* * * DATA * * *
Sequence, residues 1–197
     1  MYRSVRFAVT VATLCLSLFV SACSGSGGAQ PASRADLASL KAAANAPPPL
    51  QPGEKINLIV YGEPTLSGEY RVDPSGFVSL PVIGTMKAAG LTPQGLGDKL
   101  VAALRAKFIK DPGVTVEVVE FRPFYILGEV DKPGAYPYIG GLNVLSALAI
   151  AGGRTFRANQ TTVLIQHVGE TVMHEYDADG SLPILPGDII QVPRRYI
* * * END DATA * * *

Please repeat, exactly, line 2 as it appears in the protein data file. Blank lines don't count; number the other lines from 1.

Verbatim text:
     1  MYRSVRFAVT VATLCLSLFV SACSGSGGAQ PASRADLASL KAAANAPPPL